Just a day before I picked up Brooke Williams’ latest book, the nonfiction Open Midnight:Where Ancestors and Wilderness Meet (Trinity University Press), my wife, Chautel, and I had just returned from a long weekend spent in Boulder, Utah. We stayed at the lodge and made daily hikes into […]
Georgia O’Keeffe was an artist of such compelling vision that an entire region of the United States redecorated to match her aesthetic. I don’t mean that as snark. Contemplation of O’Keeffe’s art actually changes the way we understand erosional geomorphology, flowering plants, sun-bleached bones, deep blue skies, and […]
Reviewed by Brooke Williams The first thing I read on opening Scott Abbott’s Immortal for Quite Some Time was that “This is not a memoir.” I agree. This book is, in my opinion, the world’s most perfect obituary. I’ve been reading them in the newspaper since my mother’s […]
Miraculous Knots: Nancy Takacs’ new volume of poetry is full of startling imagery and delicate revelations
reviewed by Richard Hedderman If for a moment you imagine language as a length of rope, a poem forms when you start tying knots in the rope and pulling them tight, snugging them and squeezing all the air out. The poet may then submit to the reader […]
Katharine Coles’ writing style is pared-down and precise. The former Utah Poet Laureate (2006-2012) often uses punctuation in order to minimize verbiage, and favors “erasures” to create new poems by eliminating words from an existing text. The effect can seem a bit chilly, though it set the perfect […]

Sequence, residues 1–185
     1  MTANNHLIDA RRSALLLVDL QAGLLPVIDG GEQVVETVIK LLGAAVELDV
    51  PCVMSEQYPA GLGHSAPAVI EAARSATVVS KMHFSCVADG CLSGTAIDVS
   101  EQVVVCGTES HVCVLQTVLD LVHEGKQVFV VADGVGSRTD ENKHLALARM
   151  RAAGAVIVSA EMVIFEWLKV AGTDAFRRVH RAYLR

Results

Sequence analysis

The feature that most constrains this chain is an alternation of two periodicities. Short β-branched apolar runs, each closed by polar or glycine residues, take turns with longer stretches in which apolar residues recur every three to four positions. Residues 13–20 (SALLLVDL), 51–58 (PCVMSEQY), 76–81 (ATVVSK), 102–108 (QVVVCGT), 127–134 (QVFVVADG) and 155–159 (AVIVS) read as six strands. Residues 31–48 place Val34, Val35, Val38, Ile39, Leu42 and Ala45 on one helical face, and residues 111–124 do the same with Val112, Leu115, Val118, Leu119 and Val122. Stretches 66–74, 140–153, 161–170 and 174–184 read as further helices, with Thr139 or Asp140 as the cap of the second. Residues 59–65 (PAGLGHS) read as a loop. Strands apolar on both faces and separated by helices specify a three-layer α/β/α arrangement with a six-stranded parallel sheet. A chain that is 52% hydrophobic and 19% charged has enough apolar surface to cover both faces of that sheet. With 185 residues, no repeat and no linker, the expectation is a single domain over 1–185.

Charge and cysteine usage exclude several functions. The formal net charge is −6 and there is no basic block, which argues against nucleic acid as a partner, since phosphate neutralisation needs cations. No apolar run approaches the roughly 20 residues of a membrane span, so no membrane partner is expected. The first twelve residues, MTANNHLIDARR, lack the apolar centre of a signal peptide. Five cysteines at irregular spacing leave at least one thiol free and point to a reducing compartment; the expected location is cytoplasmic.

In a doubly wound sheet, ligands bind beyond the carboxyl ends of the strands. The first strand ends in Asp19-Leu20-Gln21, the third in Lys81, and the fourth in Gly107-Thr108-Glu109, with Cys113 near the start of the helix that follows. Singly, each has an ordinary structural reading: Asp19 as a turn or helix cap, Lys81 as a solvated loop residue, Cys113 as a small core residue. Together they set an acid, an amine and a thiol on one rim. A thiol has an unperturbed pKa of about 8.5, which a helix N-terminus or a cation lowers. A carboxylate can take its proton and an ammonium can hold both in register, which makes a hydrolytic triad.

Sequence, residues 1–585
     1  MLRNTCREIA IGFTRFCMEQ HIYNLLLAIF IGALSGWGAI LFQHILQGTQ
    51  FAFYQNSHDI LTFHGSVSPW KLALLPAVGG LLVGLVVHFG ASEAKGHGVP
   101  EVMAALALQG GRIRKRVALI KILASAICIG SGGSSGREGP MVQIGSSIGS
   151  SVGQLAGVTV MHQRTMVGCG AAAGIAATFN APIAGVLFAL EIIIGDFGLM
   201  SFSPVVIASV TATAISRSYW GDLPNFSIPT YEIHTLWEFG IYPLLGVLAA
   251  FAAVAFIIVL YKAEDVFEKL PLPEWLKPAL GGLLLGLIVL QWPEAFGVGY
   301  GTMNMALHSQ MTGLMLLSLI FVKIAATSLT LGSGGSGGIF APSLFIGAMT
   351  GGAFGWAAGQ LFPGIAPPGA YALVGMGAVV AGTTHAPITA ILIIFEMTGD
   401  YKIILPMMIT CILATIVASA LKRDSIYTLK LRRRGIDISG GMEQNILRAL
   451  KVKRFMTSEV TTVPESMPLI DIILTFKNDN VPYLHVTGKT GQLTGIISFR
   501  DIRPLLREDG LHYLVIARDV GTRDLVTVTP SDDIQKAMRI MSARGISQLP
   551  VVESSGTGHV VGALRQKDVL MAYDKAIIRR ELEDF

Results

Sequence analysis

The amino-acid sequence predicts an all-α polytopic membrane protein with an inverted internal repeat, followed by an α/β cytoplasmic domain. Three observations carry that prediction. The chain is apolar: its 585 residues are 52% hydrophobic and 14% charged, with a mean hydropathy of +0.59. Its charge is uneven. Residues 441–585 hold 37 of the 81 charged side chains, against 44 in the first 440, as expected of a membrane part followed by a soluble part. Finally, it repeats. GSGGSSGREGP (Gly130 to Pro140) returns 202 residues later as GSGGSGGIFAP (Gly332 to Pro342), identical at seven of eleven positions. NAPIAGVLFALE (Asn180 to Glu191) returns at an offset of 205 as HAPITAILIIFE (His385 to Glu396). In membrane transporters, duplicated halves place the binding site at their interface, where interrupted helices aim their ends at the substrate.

Paisley Rekdal, who won the 2013 15 Bytes Book Award in Poetry for “Animal Eye” (as well as an impressive number of other fancier prizes), has published a new book of poetry with the prestigious Copper Canyon Press. As with her previous books, Imaginary Vessels is sheer pleasure […]
An ecstatic, mystical encounter with the divine: Alex Caldiero’s Who is the Dancer, What is the Dance?
This past September, after I came home from a weeklong river trip, a friend told me I needed to read Alex Caldiero’s new book, Who is the Dancer, What is the Dance (Saltfront, 2016). The book is a facsimile of a poetic journal Caldiero kept on a six-day […]
Some titles, like Many Things Have Happened Since He Died by Elizabeth Dewberry and All the Light We Cannot See by Anthony Doerr, have made me want to read a novel when I know nothing at all about the author and haven’t read a review. The title itself […]
This chapbook documents a trip from Utah to Argentina in three brief chapters, each with a poem, an essay, a photograph, and epigraphs taken from the work of poet Pablo Neruda. The first section, “Punta Norte,” describes a wildlife preserve on the Península Valdés in Argentina which is […]
Jumping Naked in the Backyard: Zoe Murdock’s “Man in the Mirror” explores the interior and exterior world of Alzheimer’s
reviewed by Phyllis Barber Old age is a terrain most of us have not traveled. We’ve not been there before (and most people think they’ll never get there, either, keeping the reality, as well as the idea, at bay. Except, there are those times when a brush with […]
Michael McLane is the man behind the Utah Book Festival, which this month is bringing authors and book lovers together across the state. But he’s also a writer, and in this companion piece to our podcast on Trent Alvey, Amy Brunvand takes a look at McLane’s Elik Press publication Trace Elements: Mapping the Great Basin and its Peripheries.
Human identity can be said to rely on two things: who we are, and what we do. This being and action gives humans purpose. As a Mormon boy growing up in Utah, the knowledge of my ancestors and faith told me who I was, and what I was […]